In his long-awaited first novel, American master George Saunders delivers his most original, transcendent, and moving work yet. Unfolding in a graveyard over the course of a single night, narrated by a dazzling chorus of voices, Lincoln in the Bardo is a literary experience unlike any other.
February 1862. The Civil War rages while President Lincoln's beloved eleven-year-old son is gravely ill. In a matter of days, Willie dies and is laid to rest in a Georgetown cemetery. Newspapers report that a grief-stricken Lincoln returns to the crypt several times alone to hold his boy's body.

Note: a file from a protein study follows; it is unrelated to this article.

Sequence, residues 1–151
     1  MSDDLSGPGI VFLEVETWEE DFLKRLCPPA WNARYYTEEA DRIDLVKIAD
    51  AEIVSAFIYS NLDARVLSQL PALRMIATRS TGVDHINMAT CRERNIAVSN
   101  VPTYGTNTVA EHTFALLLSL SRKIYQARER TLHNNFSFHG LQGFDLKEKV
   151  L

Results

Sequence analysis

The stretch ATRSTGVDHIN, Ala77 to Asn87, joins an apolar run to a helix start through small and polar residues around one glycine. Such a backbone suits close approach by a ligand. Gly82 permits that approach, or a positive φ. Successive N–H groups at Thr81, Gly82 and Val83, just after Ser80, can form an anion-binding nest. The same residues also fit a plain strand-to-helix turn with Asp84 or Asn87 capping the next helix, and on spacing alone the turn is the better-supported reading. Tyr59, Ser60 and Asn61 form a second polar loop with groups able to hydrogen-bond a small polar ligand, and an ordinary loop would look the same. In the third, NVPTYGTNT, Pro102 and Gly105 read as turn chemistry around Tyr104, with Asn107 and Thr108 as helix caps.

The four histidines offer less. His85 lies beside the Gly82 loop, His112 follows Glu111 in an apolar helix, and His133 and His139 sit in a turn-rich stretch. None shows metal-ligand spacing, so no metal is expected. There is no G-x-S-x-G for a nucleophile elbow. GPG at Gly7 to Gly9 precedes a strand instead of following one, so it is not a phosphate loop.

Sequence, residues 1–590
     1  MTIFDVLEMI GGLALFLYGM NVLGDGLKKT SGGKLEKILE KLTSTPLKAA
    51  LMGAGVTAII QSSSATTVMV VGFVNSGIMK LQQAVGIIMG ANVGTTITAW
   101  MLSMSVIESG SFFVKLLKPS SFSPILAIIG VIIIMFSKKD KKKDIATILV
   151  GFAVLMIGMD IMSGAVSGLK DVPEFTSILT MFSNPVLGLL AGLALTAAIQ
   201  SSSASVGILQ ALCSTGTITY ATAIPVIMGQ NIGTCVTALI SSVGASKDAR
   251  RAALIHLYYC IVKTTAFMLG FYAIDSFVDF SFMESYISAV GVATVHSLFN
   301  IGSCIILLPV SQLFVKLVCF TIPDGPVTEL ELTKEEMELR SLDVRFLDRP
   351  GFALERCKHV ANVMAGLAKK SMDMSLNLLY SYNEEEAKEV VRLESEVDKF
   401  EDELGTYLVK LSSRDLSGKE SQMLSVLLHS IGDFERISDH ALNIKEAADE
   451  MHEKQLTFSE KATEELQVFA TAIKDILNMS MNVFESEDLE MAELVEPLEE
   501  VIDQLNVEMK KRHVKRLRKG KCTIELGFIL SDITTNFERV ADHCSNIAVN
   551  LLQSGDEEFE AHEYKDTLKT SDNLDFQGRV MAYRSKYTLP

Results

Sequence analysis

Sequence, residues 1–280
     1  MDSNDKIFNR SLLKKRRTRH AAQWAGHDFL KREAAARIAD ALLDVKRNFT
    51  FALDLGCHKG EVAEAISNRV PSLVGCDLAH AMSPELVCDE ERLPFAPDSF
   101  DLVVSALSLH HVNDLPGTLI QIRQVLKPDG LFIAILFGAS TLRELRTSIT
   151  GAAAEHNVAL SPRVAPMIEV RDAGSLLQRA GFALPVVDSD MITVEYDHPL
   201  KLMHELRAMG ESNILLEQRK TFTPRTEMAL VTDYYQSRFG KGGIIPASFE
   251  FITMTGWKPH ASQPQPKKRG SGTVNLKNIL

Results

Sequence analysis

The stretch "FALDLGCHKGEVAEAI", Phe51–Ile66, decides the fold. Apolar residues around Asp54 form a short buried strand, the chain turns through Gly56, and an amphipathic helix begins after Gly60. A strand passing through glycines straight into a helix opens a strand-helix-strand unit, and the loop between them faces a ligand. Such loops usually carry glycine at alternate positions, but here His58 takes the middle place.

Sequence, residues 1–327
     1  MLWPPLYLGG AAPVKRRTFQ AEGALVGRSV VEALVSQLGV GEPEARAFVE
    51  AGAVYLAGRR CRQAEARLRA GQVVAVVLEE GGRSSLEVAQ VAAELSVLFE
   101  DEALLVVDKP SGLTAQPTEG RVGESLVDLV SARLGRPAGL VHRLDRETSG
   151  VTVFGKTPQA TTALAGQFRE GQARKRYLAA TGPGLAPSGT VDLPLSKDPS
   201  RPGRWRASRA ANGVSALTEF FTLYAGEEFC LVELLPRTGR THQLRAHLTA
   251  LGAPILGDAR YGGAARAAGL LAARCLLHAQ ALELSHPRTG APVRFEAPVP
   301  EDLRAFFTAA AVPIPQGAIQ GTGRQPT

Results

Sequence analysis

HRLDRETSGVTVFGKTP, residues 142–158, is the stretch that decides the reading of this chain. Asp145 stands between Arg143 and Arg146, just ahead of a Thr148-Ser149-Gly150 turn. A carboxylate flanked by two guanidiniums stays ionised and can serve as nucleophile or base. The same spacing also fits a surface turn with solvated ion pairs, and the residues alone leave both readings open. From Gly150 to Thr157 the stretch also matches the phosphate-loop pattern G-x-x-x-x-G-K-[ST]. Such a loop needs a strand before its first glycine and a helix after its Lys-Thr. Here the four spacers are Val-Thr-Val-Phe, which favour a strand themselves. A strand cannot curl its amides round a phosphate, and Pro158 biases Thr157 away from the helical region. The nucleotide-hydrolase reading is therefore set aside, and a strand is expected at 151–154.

From that seed of historical truth, George Saunders spins an unforgettable story of familial love and loss that breaks free of its realistic, historical framework into a thrilling, supernatural realm both hilarious and terrifying. Willie Lincoln finds himself in a strange purgatory -- called, in the Tibetan tradition, the bardo. Within this transitional state, where ghosts mingle, gripe, and commiserate, a monumental struggle erupts over young Willie's soul.
Lincoln in the Bardo is a bold step forward from one of the most important and influential writers of his generation. Saunders has invented a thrilling new form that deploys a kaleidoscopic, theatrical panorama of voices -- living and dead, historical and invented -- to ask a timeless question: How do we live and love when we know that everything we love must end?